Lets take a critical look at aspects of ’sustainability’. Lots of small communities producing locally only what they need is a recipe for disaster. The first drought, hurricane, or tornado that swings through will basically condemn all those inhabitants to certain death. Neighboring sustainable villages do not produce food or supplies ‘in excess’ as that is not sustainable. People who complain that a typical watermelon travels 1,000 miles to get to your kitchen ignor the fact that they can’t actually grow watermelons, or most other crops, where they live, or that it requires many more resources than it actually took to ship the product.
For many centuries frontier life in America was essentially a life of sustainability. Families lived in small crowded houses, produced enough food for themselves, made candles from animal fat from animals they raised and slaughtered, made clothing from laboriously spinning various grass like plants, and spent virtually every waking moment doing what was required just to ’sustain’ themselves. PBS ran a ‘reality’ show which humorously emphasized this, called "Frontier Life" it stuck wealthy families in the middle of the Oregon forest with 1600’s technology and asked them to survive the winter. The father did pretty much nothing but chop wood, and the mother almost nothing but pickle things. The children tended animals and crops. All of the families worked their butts off and by the end of the summer a judge determined that none of them would have survived the winter, not enough wood or salted food was prepared. It was quite the entertaining show.
Advanced technologies may enable a more comfortable vision of ’sustainability’ But the technologies that the advocates of sustainability rely on, like wind and solar power, can only be afforded because they are mass produced by giant industries. Show me a man living ‘off the grid’ who is able to manufacture his own solar cells, or even able to sun bake his own bricks, and you’ll get my attention.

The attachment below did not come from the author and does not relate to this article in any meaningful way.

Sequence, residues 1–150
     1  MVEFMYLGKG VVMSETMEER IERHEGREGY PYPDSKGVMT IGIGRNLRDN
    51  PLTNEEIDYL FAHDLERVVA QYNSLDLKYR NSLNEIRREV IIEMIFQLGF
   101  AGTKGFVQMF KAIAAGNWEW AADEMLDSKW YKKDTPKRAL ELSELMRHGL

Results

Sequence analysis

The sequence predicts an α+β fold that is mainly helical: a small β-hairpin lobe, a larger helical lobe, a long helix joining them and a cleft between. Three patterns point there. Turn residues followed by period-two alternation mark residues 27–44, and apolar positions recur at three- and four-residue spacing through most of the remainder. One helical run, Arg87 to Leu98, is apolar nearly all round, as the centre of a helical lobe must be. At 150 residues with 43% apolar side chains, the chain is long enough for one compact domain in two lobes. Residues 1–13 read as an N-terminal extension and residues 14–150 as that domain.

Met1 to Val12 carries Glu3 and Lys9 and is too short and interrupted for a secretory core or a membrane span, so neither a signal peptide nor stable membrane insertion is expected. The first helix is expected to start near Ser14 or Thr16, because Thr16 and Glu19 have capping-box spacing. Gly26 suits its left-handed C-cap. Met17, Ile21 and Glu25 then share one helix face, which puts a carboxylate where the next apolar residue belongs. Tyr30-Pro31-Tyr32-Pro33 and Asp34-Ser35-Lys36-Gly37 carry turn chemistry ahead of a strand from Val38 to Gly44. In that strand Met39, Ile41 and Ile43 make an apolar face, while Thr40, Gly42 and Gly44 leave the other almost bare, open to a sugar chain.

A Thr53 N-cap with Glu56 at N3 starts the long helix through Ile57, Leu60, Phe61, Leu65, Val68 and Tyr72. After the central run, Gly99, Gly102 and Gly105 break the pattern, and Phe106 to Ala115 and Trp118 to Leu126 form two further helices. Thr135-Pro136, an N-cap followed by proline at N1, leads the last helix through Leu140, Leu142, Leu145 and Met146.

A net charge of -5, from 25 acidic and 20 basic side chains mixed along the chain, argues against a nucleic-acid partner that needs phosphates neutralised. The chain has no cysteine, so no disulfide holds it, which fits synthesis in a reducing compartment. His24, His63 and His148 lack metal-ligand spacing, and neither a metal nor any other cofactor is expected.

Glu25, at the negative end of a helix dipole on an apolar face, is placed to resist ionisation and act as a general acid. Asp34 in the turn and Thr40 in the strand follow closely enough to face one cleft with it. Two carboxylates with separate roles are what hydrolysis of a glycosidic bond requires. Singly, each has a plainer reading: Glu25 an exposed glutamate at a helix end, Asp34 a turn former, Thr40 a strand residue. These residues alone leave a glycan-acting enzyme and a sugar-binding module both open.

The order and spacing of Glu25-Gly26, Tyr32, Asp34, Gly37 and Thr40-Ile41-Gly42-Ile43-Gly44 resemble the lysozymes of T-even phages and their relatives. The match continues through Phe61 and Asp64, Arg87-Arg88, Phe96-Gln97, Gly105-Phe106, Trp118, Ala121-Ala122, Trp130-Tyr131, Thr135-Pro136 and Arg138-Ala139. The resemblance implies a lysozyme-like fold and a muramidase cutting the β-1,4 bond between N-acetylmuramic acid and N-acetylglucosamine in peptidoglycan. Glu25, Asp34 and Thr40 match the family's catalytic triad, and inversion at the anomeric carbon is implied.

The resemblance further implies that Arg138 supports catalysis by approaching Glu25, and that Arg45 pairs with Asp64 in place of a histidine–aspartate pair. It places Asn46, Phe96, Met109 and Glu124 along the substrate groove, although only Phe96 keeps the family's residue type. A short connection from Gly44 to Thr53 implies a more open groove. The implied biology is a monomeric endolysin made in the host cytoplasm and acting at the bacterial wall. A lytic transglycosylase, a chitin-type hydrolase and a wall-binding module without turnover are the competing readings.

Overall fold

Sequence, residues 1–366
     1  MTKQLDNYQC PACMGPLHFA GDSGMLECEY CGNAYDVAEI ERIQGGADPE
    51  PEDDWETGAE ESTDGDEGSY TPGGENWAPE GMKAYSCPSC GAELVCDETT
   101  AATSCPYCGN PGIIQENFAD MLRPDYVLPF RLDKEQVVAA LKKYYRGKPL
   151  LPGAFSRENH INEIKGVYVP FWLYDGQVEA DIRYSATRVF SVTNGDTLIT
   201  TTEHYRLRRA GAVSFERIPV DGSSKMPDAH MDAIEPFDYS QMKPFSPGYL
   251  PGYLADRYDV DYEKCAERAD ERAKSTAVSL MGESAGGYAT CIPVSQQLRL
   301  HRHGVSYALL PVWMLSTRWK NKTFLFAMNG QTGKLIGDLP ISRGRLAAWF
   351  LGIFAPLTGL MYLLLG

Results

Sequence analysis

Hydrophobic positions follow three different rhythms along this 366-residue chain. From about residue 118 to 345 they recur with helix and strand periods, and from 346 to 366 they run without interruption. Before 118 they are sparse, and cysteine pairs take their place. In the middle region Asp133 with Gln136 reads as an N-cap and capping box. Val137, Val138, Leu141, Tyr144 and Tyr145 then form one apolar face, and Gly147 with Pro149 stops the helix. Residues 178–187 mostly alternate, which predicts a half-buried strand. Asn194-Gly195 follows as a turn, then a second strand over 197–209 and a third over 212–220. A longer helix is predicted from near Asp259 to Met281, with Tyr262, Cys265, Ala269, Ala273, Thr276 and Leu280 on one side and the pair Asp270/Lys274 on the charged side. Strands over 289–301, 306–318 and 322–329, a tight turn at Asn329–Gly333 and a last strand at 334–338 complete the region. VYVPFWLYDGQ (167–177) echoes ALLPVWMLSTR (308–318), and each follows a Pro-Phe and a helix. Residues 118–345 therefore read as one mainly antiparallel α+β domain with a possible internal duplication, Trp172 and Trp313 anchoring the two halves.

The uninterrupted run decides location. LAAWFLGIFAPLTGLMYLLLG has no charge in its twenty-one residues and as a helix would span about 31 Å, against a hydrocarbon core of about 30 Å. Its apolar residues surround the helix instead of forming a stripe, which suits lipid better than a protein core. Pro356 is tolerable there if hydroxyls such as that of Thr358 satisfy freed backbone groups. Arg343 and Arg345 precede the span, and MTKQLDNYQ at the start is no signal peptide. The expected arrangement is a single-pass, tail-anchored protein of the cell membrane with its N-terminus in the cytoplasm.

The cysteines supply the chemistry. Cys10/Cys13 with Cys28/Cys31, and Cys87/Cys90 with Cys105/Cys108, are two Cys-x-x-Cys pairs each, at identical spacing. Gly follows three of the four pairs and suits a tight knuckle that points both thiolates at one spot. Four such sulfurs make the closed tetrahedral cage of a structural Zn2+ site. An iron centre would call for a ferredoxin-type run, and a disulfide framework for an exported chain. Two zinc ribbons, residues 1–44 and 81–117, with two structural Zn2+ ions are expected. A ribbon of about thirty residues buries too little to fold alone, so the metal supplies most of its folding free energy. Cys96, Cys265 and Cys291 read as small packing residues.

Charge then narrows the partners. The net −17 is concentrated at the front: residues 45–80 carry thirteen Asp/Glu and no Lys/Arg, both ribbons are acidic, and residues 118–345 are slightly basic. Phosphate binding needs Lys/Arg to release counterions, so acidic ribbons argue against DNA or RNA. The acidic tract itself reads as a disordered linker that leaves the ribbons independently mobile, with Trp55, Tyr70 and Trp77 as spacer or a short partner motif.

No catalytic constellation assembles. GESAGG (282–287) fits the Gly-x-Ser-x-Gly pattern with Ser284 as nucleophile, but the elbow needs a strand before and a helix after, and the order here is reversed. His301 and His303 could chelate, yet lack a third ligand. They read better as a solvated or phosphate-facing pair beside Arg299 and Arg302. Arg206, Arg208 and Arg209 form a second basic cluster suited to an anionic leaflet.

Case in point - how do you have a ’sustainable’ mine? This whole thing about ‘running out of resources’ is an absolute absurdity. My Econ professor tried to say the same thing, so I asked, ok, why then are there more people than ever before on the earth, but every one of the enjoys a higher standard of living with more material goods than ever before? He balked and the admitted that people have been making malthusian claims for decades. The problem is environmentalist compare potential available resources of the whole planet against the population of the earth, so they think, well if there’s six billion people instead of 1 billion, then everyone has 1/6th the resources!
What they don’t compare is the utilized and processed resources against the population. My favorite example is Aluminum. Aluminum makes up about 10% of the Earth’s crust. The earth, weighing in at 5.98 x 10^ 24 kg, has about 1% of it’s mass in the crust, or about 5.98 x 10^22. 10% of that is 5.98x10^21. That’s how much aluminum is in the Earth’s crust. This is our total available exploitable resource repository of aluminum. At a population of 1 billion people, that’s 5.98x10^12 kg per person available of Aluminum. That’s almost 6 TRILLION Kilograms PER PERSON. So during the course of the 20th century where the earths population rose from 1 billion to 6 billion, the available resources of aluminum per person dwindled from 6 trillion kilograms PER PERSON to a mere 1 trillion kilograms PER PERSON!!! OH NO! MY GOD! We are running out of resources!!!